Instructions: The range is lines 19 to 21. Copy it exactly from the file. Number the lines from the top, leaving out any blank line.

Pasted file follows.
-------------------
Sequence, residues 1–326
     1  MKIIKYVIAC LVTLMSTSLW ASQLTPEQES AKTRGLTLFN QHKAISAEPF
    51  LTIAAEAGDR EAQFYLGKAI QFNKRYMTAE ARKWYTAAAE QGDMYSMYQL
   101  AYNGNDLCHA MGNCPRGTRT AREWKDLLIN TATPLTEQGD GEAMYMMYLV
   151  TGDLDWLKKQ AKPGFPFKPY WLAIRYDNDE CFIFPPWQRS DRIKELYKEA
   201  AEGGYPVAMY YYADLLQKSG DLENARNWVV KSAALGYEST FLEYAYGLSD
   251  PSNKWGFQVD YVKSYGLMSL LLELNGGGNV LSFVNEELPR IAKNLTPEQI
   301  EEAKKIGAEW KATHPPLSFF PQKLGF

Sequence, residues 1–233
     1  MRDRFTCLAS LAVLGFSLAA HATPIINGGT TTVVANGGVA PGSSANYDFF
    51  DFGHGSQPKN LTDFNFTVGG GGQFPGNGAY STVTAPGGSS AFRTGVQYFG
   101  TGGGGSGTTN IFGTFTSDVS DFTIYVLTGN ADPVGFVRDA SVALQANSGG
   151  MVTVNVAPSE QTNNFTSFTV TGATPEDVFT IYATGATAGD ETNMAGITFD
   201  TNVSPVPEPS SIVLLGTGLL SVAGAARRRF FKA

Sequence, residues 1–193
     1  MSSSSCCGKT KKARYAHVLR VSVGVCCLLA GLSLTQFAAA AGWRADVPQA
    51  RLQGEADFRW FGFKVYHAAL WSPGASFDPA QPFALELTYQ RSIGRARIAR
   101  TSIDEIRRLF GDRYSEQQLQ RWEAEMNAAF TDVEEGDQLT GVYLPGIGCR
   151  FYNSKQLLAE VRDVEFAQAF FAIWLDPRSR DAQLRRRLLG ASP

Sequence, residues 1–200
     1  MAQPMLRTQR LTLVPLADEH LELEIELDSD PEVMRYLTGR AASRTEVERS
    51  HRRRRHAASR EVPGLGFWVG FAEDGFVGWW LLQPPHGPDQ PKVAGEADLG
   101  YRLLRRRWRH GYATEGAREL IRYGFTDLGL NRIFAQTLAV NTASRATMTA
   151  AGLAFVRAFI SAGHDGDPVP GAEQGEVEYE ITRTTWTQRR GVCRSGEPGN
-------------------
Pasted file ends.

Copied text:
   151  FYNSKQLLAE VRDVEFAQAF FAIWLDPRSR DAQLRRRLLG ASP

Sequence, residues 1–200
     1  MAQPMLRTQR LTLVPLADEH LELEIELDSD PEVMRYLTGR AASRTEVERS